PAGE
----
Rare Christian book expected to fetch millions at London auction

A manuscript in the The Schøyen Collection going under the hammer in June.(Photo: Christie's)

A remarkable piece of Christian history is poised to make headlines at an upcoming auction in London, as the original Crosby-Schøyen Codex, recognised as one of the earliest Christian liturgical books, is expected to command a price easily exceeding £2 million.

Penned on Egyptian papyrus during the period of 250-350 A.D. and crafted within the confines of one of the earliest Christian monasteries, the codex represents a pivotal moment in the evolution of bookmaking.

Speaking to Reuters, Eugenio Donadoni, Senior Specialist in Medieval and Renaissance Manuscripts at Christie's, underscored the codex's significance.

"It's right at that period, that transitional period when papyrus scroll starts turning into codex form. So, books as we know them today. And what we have in this book is the earliest known texts of two books of the Bible," he said. 

Comprising 104 pages with 52 leaves, meticulously inscribed over four decades, the codex holds within its ancient pages texts including biblical passages from Jonah, 2 Maccabees 5:27 - 7:41, 1 Peter, Melito of Sardis' Peri Pascha 47 - 105, and an unidentified sermon for Easter Morning.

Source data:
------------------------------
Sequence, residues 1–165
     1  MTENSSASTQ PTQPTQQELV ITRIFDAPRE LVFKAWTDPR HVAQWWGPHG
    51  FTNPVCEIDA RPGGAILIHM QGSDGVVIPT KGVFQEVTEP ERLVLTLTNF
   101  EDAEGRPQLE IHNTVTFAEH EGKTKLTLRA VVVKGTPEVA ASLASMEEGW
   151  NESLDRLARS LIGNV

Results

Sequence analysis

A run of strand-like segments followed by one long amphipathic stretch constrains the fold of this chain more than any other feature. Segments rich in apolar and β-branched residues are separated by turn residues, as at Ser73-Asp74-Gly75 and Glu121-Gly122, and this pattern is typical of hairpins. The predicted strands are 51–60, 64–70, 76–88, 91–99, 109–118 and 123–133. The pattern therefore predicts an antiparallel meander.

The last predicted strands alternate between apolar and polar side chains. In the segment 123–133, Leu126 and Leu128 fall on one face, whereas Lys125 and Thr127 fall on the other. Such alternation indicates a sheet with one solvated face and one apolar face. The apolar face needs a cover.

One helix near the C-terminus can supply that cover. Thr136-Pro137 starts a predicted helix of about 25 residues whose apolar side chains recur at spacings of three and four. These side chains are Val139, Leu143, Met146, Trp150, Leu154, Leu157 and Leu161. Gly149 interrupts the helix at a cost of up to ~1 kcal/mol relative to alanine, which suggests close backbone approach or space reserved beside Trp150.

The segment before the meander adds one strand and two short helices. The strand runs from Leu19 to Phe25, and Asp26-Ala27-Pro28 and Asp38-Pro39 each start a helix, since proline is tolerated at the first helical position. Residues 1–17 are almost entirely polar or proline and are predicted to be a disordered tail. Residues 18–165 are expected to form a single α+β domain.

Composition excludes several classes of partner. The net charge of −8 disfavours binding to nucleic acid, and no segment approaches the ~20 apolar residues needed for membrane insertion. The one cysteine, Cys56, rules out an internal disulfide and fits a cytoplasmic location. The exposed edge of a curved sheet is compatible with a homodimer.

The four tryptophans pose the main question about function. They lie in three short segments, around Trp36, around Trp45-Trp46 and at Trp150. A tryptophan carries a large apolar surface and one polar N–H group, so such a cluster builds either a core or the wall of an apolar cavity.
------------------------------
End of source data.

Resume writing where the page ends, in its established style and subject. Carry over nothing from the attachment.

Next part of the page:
Donadoni attributed its preservation to Egypt's dry climate, emphasising that only a handful of books from the 3rd and 4th centuries have survived to the present day due to these conditions.

"All the major finds of Christian manuscripts that we had in the 20th century and at the end of the 19th century are all concentrated in Egypt for those very precise climatic conditions," he explained.

Originally discovered in the 1950s, the codex made its way to the University of Mississippi until 1981 when it was acquired by Dr Martin Schøyen, a renowned manuscript collector.

Currently displayed for public viewing at Christie's New York from April 2 to 9, the Crosby-Schøyen Codex is set to go under the hammer in London on June 11, promising to attract collectors and scholars alike with its unparalleled historical significance.